Cool. Time to chroot. But before doing so, you may wish to keep your new scripts for use the next time and be able to more quickly scaffold a new install:

cd && cp 0* install.txt /mnt/root/
arch-chroot /mnt /usr/bin/zsh

The last line will actually chroot using zsh as opposed to the regular bash since it is set as the $SHELL environment variable. Do a quick chsh -s /usr/bin/zsh root if you wish to persist through boot already.

The following options are more or less personal and localized but for completeness sake I'll reference them anyway - tweak as needed obviously:

print 'localhost' >> /etc/hostname

ln -s /usr/share/zoneinfo/Europe/Amsterdam /etc/localtime

# stream editor in-place edit of only matched locales without pound in column 1
sed -i -n -r 's/#((en_US|nl_NL).UTF-8)/\1/p' /etc/locale.gen

# create language files (removes the not used)

cat <<-eos > /etc/locale.conf

cat <<-eos > /etc/vconsole.conf
kbdrate -d 200 -r 30

The advantage of the last 2 forms is that it is very convenient to write multiline files from the console this way as the catdoc (a form of heredoc) will keep creating new lines until it finds the end-of-string eos value. This is equally useful in scripts.

By the way, I forgot install.txt and I like to use it sometimes to read up a few steps as reference. Usually I'll delete the majority of the lines and save since I hate scrolling in a serial console and this way I can use it to keep track of my steps or build a script from it if needed. Use as you please, just know you can always exit the chroot (like I had to get the file) by Ctrl-D signal and the files will still be there (since we didn't reboot did we?) then copy anything you need to /mnt/root or whatever and chroot again using arch-chroot. Just a minor pointer there for newbies among us.

Erh. Let's see. Now comes a very important part, so pay attention if you've been following along and also have a Grub based BIOS disk setup with separate /usr because you can easily fek this up too.

# it needs to find the 2M MBR although at /dev/sda1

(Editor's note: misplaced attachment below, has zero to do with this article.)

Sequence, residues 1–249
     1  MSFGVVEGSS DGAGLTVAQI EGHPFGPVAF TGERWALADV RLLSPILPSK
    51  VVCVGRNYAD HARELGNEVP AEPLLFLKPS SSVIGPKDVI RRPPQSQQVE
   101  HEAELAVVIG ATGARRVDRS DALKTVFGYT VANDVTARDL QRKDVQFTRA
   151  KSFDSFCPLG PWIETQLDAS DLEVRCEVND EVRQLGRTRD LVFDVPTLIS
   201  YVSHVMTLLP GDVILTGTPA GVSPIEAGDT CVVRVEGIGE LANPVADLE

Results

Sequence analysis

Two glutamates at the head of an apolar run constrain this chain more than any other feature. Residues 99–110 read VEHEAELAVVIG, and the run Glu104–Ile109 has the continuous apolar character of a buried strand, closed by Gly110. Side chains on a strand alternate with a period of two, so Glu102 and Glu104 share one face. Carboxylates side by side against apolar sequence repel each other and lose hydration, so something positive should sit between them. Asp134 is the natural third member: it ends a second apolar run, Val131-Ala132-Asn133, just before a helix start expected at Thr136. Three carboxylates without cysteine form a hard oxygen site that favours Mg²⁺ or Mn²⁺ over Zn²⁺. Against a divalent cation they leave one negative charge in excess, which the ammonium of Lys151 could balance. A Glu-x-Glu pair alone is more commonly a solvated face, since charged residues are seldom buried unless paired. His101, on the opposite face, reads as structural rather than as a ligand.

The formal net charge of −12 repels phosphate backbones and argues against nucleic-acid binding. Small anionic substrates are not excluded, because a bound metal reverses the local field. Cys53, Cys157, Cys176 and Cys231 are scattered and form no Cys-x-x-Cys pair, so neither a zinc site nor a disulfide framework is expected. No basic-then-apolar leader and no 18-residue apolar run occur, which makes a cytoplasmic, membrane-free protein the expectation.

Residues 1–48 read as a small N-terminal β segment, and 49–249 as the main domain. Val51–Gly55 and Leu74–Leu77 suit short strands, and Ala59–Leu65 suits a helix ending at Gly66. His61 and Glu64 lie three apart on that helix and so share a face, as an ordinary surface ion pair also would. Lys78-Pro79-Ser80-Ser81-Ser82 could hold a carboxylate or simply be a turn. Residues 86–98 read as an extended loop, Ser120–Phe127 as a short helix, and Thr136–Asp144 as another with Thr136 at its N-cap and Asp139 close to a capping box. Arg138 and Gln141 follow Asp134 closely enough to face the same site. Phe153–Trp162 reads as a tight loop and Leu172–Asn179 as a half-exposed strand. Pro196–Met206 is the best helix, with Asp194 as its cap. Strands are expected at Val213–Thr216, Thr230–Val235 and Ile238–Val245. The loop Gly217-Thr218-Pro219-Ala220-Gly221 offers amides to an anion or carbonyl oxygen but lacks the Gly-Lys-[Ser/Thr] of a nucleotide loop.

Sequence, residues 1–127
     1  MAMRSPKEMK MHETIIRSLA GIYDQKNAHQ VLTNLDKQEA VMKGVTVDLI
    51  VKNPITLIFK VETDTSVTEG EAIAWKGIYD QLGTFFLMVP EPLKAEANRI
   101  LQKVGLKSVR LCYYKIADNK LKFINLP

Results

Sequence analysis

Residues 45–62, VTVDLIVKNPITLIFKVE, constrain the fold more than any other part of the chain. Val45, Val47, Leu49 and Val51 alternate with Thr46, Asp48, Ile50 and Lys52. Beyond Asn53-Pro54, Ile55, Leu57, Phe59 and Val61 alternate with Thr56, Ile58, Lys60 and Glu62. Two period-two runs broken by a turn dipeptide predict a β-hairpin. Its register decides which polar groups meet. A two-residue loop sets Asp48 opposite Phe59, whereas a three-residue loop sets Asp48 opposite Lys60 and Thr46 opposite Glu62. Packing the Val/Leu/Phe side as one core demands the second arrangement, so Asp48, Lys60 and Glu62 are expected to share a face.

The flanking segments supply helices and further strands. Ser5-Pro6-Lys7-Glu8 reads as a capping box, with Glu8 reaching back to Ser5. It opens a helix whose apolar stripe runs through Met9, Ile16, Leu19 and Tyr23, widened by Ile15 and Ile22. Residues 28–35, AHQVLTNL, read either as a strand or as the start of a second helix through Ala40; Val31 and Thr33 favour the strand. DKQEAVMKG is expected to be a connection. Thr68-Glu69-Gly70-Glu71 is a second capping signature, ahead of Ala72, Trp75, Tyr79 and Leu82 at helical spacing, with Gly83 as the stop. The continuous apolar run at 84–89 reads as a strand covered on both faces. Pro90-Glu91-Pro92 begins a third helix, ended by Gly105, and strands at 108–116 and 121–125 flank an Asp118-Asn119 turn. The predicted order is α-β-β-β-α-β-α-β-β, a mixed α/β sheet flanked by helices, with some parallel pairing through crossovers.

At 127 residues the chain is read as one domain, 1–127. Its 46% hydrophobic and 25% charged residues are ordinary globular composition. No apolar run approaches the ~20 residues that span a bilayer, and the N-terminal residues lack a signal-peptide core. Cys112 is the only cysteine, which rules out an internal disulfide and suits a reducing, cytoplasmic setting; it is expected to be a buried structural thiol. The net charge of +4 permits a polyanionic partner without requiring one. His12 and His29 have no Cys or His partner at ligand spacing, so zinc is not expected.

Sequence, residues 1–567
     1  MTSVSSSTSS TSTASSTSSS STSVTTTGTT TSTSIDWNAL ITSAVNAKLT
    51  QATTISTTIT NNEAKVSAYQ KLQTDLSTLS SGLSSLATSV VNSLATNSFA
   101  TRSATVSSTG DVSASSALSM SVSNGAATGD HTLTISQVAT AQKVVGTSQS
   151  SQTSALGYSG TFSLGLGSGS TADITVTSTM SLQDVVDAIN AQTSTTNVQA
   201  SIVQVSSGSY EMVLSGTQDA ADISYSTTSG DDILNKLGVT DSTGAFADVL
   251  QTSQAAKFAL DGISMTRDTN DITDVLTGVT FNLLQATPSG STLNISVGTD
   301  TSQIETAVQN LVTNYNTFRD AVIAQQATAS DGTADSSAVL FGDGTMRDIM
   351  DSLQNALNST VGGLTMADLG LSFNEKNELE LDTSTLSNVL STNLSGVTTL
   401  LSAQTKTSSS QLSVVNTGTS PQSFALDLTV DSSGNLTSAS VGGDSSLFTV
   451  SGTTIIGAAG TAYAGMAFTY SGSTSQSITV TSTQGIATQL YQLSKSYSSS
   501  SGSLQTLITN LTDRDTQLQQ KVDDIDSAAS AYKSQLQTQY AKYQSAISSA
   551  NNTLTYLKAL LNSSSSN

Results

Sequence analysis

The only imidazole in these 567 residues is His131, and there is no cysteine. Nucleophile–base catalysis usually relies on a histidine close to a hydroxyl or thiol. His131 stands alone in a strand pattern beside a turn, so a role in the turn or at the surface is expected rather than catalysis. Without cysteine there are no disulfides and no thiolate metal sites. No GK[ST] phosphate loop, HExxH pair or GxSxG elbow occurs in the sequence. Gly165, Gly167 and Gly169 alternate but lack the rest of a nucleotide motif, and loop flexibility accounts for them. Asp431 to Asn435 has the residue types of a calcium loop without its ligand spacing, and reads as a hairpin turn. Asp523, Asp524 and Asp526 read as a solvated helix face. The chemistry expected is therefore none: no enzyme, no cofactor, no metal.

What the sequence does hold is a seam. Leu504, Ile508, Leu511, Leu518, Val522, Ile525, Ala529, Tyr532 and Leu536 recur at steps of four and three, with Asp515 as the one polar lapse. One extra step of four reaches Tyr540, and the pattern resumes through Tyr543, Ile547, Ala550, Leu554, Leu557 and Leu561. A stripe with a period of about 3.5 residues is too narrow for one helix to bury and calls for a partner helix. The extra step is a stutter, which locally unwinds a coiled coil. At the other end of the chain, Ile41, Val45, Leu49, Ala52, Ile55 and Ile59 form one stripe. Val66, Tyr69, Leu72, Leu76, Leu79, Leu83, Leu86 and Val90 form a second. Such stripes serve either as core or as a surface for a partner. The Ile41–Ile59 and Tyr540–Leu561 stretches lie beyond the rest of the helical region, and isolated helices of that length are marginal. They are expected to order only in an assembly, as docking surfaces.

grub-install /dev/sda #<--- use /dev/sda   !!

If all goes well you'll see:

Installing for i386-platform.
Installation finished. No error reported.

Ok so now we have a proper BIOS bootloader setup for our disk. I don't use any of the other ones so I can't provide instructions on those but Arch has very well written wiki articles (again, repeating myself) so be sure to check it out.

One of these things I like to do early is to ensure my virtualbox guest modules are properly loaded. So once more, the fabled catdoc is utilized:

cat <<-eos > /etc/modules-load.d/virtualbox.conf

This will ensure loading of the kernel modules at boot time. But for now, you can't use this in a chroot just yet so suffice with enabling the systemd service at boot:

systemctl enable vboxservice

Since these are all system-wide (usually those in /etc) so far so good. Once you've setup your super-operator (which probably has wheel and vboxuser group membership) you will want to have virtualbox support your desktop manager (it must, since your video would not work without) so don't forget by then to do something like:

rm ~/.xinitrc
ln -s ~/.xsession ~/.xinitrc
print '/usr/bin/VBoxClient-all' >> ~/.xinitrc

I do this (removal of ~/.xinitrc since it is actually deprecated and ~/.xsession is the new to be used. Although these changes typically go really slow in on the *nix OS level and it has hardly any impact plus many, many variants of *nix out there that use xserver. Anyway, personal habit and much of my dotfiles are symlinked to my dotfiles git repository anyway.